If you’re in a small business, there’s a good chance that you’ve had a conversation like this:
Online marketing /advertising /SEO person: ‘I really think you should start collecting reviews from your customers. It’s great social proof, and because it doesn’t come from youbut from them it gives the world an impartial view of how great you are.’
You, thinking yeah but you know how hard it is to get reviews? replies: ‘Um, ok. We’ll do that.’
Reviews can be hard to get. And, sometimes, they’re nice but unhelpful.
You don’t want to get into the fact that you’ve tried to get reviews from people. Usually, you’re faced with an enthusiastic customer, who says Sure! Great! Right on, love to! and then doesn’t do anything. Or worse, comes back to you with ‘Hey, I tried to write that review for you but I didn’t know what to say. How do I tell people what you do?’
Best‐case, you might get, ‘Rosie’s shoes was great!’. Which, while enthusiastic (and great because it is so) doesn’t help anyone. It is a generic comment that anyone could have written about anything. For all you know, the person who used Rosie’s shoes had sought a refund on a botched order, and they were simply relieved to get their money back — and wanted to be nice but unspecific.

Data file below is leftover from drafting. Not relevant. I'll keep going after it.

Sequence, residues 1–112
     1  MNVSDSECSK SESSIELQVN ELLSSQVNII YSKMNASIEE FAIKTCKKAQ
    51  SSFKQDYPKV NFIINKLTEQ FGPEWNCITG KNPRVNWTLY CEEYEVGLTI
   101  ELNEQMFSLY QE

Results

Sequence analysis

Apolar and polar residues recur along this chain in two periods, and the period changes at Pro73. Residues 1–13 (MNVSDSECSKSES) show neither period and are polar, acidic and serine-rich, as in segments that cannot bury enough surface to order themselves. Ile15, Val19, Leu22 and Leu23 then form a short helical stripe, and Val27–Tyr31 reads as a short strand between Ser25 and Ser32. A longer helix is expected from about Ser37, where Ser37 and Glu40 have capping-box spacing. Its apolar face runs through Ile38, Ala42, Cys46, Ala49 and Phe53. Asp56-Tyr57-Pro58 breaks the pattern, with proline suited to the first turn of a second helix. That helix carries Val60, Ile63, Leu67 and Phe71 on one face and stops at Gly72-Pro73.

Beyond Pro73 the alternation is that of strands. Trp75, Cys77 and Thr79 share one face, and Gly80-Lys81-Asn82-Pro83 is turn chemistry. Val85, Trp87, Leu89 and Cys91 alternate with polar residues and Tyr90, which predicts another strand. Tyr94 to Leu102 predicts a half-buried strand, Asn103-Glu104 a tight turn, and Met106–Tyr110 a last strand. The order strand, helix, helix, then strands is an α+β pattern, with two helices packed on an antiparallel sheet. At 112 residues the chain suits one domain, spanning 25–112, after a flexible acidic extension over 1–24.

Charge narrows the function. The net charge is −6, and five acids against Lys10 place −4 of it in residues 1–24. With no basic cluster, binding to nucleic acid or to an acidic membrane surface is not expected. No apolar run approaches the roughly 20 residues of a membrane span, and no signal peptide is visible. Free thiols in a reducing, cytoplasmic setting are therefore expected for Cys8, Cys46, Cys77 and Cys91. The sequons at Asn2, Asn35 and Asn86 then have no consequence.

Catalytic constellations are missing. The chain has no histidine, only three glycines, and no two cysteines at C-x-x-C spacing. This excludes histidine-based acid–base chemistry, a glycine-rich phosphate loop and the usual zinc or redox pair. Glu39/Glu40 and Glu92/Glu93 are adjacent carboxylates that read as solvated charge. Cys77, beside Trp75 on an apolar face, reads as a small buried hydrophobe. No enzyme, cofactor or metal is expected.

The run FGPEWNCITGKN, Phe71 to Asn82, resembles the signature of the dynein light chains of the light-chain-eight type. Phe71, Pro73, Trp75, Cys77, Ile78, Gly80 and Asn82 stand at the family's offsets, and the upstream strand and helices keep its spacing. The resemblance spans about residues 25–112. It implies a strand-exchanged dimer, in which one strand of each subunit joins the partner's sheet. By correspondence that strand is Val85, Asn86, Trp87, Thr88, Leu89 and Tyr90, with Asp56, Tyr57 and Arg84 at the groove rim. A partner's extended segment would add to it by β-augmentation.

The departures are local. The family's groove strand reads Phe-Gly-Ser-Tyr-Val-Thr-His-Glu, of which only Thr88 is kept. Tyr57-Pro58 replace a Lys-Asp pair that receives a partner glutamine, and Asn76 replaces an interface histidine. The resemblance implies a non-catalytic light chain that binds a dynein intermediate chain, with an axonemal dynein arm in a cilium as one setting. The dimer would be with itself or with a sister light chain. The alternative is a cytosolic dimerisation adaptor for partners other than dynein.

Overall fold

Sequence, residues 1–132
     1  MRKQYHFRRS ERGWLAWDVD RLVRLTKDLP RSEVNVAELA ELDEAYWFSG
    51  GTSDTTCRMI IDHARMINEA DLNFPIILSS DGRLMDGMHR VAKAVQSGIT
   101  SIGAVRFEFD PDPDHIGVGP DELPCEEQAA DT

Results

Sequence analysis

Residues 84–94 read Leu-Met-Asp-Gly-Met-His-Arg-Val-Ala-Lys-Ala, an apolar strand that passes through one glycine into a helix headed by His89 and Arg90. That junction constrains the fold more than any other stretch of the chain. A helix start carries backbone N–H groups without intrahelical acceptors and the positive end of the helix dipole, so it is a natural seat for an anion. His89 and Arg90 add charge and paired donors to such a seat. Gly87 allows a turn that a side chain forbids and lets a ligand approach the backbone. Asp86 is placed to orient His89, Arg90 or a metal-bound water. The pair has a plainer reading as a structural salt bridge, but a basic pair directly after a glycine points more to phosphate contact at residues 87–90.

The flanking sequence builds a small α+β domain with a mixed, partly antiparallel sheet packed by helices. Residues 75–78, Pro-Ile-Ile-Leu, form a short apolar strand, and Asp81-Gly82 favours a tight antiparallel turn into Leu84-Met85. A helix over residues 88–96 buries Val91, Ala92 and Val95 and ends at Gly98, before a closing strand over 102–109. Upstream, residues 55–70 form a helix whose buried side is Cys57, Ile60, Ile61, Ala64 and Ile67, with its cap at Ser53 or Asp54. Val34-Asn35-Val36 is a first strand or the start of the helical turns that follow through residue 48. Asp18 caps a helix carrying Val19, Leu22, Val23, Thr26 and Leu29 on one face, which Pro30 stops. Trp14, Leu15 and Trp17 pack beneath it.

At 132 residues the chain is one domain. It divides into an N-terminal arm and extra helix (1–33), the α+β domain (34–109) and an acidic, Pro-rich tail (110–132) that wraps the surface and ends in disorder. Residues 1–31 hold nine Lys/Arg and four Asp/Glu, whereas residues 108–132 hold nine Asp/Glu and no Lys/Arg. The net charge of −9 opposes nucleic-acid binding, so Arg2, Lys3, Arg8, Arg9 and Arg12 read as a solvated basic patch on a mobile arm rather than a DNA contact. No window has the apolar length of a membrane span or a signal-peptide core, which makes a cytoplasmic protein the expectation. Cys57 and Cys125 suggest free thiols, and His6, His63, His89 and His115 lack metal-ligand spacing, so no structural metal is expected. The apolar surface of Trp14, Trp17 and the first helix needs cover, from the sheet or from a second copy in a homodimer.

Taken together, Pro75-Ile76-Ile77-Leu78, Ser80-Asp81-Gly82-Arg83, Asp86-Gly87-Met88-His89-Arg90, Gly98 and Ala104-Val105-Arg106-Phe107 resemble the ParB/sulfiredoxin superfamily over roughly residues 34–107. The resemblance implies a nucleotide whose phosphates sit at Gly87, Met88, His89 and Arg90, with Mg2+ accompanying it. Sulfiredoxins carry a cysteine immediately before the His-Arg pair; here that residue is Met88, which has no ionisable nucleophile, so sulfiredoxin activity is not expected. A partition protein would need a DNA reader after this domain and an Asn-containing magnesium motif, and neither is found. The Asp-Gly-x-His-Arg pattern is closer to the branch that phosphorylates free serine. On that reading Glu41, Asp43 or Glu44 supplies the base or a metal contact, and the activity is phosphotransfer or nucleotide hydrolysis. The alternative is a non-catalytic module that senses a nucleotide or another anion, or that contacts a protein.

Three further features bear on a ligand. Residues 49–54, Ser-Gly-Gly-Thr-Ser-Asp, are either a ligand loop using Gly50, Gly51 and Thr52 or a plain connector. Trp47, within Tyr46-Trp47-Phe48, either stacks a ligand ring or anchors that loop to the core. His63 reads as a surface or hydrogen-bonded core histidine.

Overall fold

While there are some fantastic methods for getting great reviews, I’m not going to go into those here. Instead, I’m going to share with you something better.
The third‐party‐obtained case study is much more powerful.
To make sure we’re on the same page, let’s define what a third‐party‐obtained case study is.
A third‐party‐obtained case study is one that someone else creates on your behalf. Here’s how it works:
- You brief a content studio like ours about the client and the project
- The studio goes away and does some research about the client and what they do, and starts putting together your side of the story.
- You talk to your client about the case study and get a yes. Then, you facilitate a warm introduction to your contact at the studio. In our case, that’s me.
- Your studio briefs your client about what to expect: That they’ll be part of an interview that might run for an hour, and that they can have right of review before it’s published. Your studio arranges a time.